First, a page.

A guide to upcoming events in the humanities and social sciences at Temple University, updated weekly during the academic year.
The Center for the Humanities at Temple University supports innovative, interdisciplinary research and teaching in the humanities. Participation in the Center is open to faculty and students in all schools and colleges at Temple University.
|October 19||Graduate Fellow Applications|
|November 16||Faculty Fellowship Applications|
|March 7||Graduate Fellow Applications|
|April 4||Graduate Associate Applications|
|April 17||Digital Scholars Program|
A celebration of Italian culture...
and a critical look at American military bases and the construction of American hegemony are just two featured events this week involving humanities scholars. The first begins this Thursday with pizza, gelato, and a reading of Dante's Divine Comedy around the Temple Bell Tower. The College of Liberal Arts teamed up with the Boyer School of Music for this event showcasing the vibrancy of interdisciplinary collaboration in the humanities. The second event occurs on Friday and Saturday, a symposium that brings together scholars from across the country, organized by the Center for Force and Diplomacy.
This week: CHAT Fellows meet Tuesday, October 6, 12:30.
Marcia Hall, Art History
Coloring Paintings from the Renaissance to Matisse
Thursday, October 15
12:30–1:50 pm, CHAT Lounge
Color in paintings across the centuries of Western art is widely diversified, yet the pigments have changed very little, until the revolutionary inventions of the Industrial Revolution. What accounts for this diversity? This lecture will sketch some of the changes in the way painters have used their materials, from underpaint to layering to visible brushstroke; from employing tiny brushes to broad square ones; from egg tempera to oil, and connect those changes to accompanying changes in markets, patronage and taste, and ultimately to meaning.
Marcia Hall is Carnell Professor of Renaissance art at Temple in the Art History department. She has authored Renovation and Counter-Reformation (1979); After Raphael (1999) Michelangelo: The Frescoes of the Sistine Chapel (2003); The Sacred Image (2011). Her present book is an expansive of the chronological range and further development of the methodology of using Technical Art History (scientific examination in the conservation laboratory) to understand painters' techniques, of her earlier book, Color and Meaning. Practice and Theory in Renaissance Painting (1992). The working title of this project, from which this talk is drawn, is Color. Materials. Making. Marketing. Meanings: From the Renaissance to Les Fauves.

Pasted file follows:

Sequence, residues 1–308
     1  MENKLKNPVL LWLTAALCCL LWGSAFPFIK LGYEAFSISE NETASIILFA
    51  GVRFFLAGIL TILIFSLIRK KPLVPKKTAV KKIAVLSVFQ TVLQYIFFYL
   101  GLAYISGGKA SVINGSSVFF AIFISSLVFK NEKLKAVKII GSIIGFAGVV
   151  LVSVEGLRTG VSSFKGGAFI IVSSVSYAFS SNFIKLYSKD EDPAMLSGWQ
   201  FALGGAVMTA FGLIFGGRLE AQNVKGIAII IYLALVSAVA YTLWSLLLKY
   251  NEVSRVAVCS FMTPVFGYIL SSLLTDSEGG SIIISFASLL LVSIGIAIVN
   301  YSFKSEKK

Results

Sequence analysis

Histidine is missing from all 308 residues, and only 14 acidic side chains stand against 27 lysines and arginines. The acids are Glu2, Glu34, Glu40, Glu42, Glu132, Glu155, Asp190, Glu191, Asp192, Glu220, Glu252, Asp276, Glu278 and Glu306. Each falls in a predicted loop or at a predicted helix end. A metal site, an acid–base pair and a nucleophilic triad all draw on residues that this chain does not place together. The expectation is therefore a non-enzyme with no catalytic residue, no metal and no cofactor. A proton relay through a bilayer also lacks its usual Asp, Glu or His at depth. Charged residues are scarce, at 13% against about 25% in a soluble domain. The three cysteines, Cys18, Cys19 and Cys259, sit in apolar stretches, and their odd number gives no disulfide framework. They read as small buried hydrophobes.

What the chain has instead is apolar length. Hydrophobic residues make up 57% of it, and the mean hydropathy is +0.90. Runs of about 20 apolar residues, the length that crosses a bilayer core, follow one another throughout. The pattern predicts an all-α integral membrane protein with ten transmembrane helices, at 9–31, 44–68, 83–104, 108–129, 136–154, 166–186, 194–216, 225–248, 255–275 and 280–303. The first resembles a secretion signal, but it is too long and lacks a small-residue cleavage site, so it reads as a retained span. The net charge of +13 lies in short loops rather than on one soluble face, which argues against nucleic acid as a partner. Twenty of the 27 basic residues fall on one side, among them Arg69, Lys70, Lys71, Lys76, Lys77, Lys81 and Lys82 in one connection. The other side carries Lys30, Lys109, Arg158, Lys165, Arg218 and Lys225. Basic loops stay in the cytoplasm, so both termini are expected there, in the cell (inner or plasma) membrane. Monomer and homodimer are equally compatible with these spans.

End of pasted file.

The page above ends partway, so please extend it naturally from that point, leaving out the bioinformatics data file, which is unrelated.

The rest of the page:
John R. McNeill, History, Georgetown University
The Imperfect Logic of the Anthropocene
Wednesday, October 21
4:00-5:30 pm, CHAT Lounge
In this talk, J.R. McNeill introduces (or for some, reviews) the concept of the Anthropocene and some of the debates surrounding it. Does it exist? Should it exist? If it does exist, when did it begin? On what basis should we decide if it exists or not? Scholars and scientists of all persuasions are debating these and related questions in publications and within the Anthropocene Working Group (AWG). The AWG is composed mainly of geologists but includes two humanists. In 2016 it will make a recommendation to the International Union of the Geophysical Sciences, which in due course will vote as to whether or not to accept the Anthropocene as a new epoch in the Geological Time Scale. McNeill argues for a young Anthropocene, begun in 1945.
J.R. McNeill is Professor of History and University Professor at Georgetown University, author of 5 and editor or co-editor of 13 books. He is a member of the Anthropocene Working Group.
Reconstructing the View: Visualizing Time, Place, and the Collective Sublime
This exhibition includes examples of large scale panoramas that respond to icons of landscape and culture in places such as the Grand Canyon, Yosemite, and Northern California. Byron Wolfe uses photography and a diverse range of digital tools and visualizations to reflect on broader notions of culture, the passage of time, landscape, and the construction of perception. The resulting work is a combination of scholarly and historic research, creative expression, and personal narrative.
M-F, 10 am-4 pm, CHAT Gallery
10th floor, Gladfelter Hall (more... )
Many past lectures can be viewed online. These are fascinating lectures on a wide range of topics in the humanities with high-quality sound and video. See our growing collection of recorded programs.
Looking for a unique course to round out your graduate education? Serious about interdisciplinary methods? CHAT lists Graduate courses across the humanities and social sciences that welcome qualified students from other graduate programs. Listings are updated regularly after registration begins for each semester.
Ben Wilson, American Painter
In 2008, CHAT acquired six large oil paintings by American painter Ben Wilson thanks to the generosity of the Ben and Evelyn Wilson Foundation. These works are on permanent display in the CHAT lounge and conference room. (Image: a detail from “The Thresher,” c. 1975)